Passive dendrites enable single neurons to compute linearly non-separable functions.
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Local supra-linear summation of excitatory inputs occurring in pyramidal cell dendrites, the so-called dendritic spikes, results in independent spiking dendritic sub-units, which turn pyramidal neurons into two-layer neural networks capable of computing linearly non-separable functions, such as the exclusive OR.We then analytically generalize these numerical results to an arbitrary number of non-linear sub-units.Taken together our results demonstrate that passive dendrites are sufficient to enable neurons to compute linearly non-separable functions.
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Affiliation: Group for Neural Theory, INSERM U960, Ecole Normale Superieure, Paris, France. romain.caze@ens.fr
ABSTRACT
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Local supra-linear summation of excitatory inputs occurring in pyramidal cell dendrites, the so-called dendritic spikes, results in independent spiking dendritic sub-units, which turn pyramidal neurons into two-layer neural networks capable of computing linearly non-separable functions, such as the exclusive OR. Other neuron classes, such as interneurons, may possess only a few independent dendritic sub-units, or only passive dendrites where input summation is purely sub-linear, and where dendritic sub-units are only saturating. To determine if such neurons can also compute linearly non-separable functions, we enumerate, for a given parameter range, the Boolean functions implementable by a binary neuron model with a linear sub-unit and either a single spiking or a saturating dendritic sub-unit. We then analytically generalize these numerical results to an arbitrary number of non-linear sub-units. First, we show that a single non-linear dendritic sub-unit, in addition to the somatic non-linearity, is sufficient to compute linearly non-separable functions. Second, we analytically prove that, with a sufficient number of saturating dendritic sub-units, a neuron can compute all functions computable with purely excitatory inputs. Third, we show that these linearly non-separable functions can be implemented with at least two strategies: one where a dendritic sub-unit is sufficient to trigger a somatic spike; another where somatic spiking requires the cooperation of multiple dendritic sub-units. We formally prove that implementing the latter architecture is possible with both types of dendritic sub-units whereas the former is only possible with spiking dendrites. Finally, we show how linearly non-separable functions can be computed by a generic two-compartment biophysical model and a realistic neuron model of the cerebellar stellate cell interneuron. Taken together our results demonstrate that passive dendrites are sufficient to enable neurons to compute linearly non-separable functions. Related in: MedlinePlus |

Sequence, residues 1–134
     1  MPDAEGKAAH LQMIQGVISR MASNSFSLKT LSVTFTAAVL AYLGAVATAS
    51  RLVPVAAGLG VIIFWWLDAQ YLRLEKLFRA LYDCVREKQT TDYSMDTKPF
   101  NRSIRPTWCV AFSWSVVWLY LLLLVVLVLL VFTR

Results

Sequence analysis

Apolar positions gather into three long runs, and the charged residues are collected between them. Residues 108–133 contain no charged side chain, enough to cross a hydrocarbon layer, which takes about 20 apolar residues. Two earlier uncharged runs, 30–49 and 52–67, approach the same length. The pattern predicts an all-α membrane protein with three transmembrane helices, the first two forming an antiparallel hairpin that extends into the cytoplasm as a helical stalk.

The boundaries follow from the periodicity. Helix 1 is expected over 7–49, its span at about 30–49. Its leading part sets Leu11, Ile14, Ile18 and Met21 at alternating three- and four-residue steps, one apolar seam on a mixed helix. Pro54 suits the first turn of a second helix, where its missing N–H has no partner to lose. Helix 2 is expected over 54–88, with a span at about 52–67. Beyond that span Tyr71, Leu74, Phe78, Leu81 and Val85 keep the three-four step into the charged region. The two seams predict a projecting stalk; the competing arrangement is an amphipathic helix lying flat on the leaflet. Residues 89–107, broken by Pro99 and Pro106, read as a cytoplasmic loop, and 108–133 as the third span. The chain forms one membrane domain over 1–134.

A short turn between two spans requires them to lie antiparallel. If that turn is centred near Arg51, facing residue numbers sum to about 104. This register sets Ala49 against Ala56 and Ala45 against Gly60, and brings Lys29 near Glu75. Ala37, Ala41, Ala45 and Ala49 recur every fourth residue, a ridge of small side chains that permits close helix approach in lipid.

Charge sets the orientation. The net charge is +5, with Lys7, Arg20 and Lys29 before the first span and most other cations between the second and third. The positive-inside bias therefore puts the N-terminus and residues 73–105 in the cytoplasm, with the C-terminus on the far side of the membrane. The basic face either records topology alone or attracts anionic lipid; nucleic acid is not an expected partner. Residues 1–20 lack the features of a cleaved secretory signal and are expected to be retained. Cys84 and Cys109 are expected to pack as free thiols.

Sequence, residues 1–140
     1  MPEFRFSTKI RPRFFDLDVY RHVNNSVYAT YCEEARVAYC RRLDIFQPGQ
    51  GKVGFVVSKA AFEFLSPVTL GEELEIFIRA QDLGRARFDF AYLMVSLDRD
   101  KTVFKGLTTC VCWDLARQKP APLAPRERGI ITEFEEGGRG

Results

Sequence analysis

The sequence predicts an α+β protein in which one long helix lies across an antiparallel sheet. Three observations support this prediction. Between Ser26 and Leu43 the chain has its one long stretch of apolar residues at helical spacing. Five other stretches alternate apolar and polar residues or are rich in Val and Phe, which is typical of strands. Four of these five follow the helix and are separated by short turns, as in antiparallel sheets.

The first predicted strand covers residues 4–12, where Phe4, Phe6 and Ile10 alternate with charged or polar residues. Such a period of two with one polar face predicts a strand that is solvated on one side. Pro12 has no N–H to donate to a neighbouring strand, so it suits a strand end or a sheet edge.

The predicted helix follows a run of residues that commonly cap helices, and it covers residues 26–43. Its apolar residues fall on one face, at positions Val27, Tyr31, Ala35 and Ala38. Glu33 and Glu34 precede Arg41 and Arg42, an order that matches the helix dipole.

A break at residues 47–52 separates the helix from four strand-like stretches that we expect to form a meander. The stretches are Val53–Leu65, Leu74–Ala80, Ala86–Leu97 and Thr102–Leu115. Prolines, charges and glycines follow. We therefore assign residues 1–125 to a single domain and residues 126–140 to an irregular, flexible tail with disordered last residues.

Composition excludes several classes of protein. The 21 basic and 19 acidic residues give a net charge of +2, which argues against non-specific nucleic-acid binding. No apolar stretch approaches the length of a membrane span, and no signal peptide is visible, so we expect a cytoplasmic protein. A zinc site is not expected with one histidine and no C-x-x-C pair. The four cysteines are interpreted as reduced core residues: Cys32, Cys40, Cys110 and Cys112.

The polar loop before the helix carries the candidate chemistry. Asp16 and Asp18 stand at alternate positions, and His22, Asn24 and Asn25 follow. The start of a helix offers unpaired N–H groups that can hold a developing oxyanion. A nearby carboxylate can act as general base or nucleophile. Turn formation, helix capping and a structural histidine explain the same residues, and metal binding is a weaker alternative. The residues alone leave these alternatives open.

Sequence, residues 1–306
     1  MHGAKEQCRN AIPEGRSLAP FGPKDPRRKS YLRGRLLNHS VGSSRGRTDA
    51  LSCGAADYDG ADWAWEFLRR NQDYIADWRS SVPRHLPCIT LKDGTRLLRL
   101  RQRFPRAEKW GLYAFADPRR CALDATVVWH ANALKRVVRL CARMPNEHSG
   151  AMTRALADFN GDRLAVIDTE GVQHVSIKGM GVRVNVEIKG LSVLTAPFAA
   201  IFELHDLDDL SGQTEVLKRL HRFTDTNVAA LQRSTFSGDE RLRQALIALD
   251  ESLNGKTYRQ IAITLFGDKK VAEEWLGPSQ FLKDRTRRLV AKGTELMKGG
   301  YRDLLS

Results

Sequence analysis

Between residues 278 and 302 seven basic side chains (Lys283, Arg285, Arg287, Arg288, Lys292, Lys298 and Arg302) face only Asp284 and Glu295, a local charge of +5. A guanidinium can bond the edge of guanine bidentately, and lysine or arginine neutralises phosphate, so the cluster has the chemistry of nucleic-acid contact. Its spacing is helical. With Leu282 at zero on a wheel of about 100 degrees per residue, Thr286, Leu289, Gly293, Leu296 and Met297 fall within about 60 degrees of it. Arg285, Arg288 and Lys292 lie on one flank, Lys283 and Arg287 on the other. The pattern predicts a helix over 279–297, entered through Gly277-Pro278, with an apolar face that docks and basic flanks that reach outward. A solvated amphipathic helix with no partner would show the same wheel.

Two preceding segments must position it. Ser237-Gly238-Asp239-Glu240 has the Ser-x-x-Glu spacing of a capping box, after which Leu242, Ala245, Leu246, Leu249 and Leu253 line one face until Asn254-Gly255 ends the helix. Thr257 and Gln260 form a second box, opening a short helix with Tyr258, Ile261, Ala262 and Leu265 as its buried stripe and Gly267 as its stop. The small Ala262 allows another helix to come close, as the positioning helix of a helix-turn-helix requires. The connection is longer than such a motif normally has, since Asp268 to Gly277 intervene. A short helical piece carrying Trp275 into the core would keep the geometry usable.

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Mentions: To determine the computational capacity, we counted only the computable representative Boolean functions (see Materials and Methods Boolean Algebra for formal definition). Moreover, we controlled the parameter searches using two analytically known sizes of Boolean function sets: first, the size of the set of all representative positive Boolean functions [34], [37], known for a number of binary variables up to 6; second, within this set of functions, the number of linearly separable representative Boolean functions [37]. This last number corresponded to the exact computational capacity for the purely linear model (). Therefore by comparing to these two known sizes we could see if the model including a dendritic non-linearity ( or ) enabled computation of linearly non-separable functions and, if so, what proportion of those functions could be accessed. The relationship between these sets of functions and the set that can be accessed by a model including a non-linear dendritic sub-unit is illustrated schematically in Figure 2B. |
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Affiliation: Group for Neural Theory, INSERM U960, Ecole Normale Superieure, Paris, France. romain.caze@ens.fr